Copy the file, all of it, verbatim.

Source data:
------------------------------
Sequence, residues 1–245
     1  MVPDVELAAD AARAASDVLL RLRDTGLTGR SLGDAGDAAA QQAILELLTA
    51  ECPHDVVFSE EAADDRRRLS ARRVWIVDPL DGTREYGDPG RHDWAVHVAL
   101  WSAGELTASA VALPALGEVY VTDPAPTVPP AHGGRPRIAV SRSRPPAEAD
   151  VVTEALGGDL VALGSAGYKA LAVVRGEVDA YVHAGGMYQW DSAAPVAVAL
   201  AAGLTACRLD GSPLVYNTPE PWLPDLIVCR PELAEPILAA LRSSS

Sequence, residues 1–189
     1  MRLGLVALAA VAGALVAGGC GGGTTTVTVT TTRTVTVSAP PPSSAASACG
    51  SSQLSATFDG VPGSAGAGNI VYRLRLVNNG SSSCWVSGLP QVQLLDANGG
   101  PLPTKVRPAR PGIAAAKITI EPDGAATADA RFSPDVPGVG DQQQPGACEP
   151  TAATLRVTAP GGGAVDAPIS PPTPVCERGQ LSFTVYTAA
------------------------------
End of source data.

Sequence, residues 1–245
     1  MVPDVELAAD AARAASDVLL RLRDTGLTGR SLGDAGDAAA QQAILELLTA
    51  ECPHDVVFSE EAADDRRRLS ARRVWIVDPL DGTREYGDPG RHDWAVHVAL
   101  WSAGELTASA VALPALGEVY VTDPAPTVPP AHGGRPRIAV SRSRPPAEAD
   151  VVTEALGGDL VALGSAGYKA LAVVRGEVDA YVHAGGMYQW DSAAPVAVAL
   201  AAGLTACRLD GSPLVYNTPE PWLPDLIVCR PELAEPILAA LRSSS

Sequence, residues 1–189
     1  MRLGLVALAA VAGALVAGGC GGGTTTVTVT TTRTVTVSAP PPSSAASACG
    51  SSQLSATFDG VPGSAGAGNI VYRLRLVNNG SSSCWVSGLP QVQLLDANGG
   101  PLPTKVRPAR PGIAAAKITI EPDGAATADA RFSPDVPGVG DQQQPGACEP
   151  TAATLRVTAP GGGAVDAPIS PPTPVCERGQ LSFTVYTAA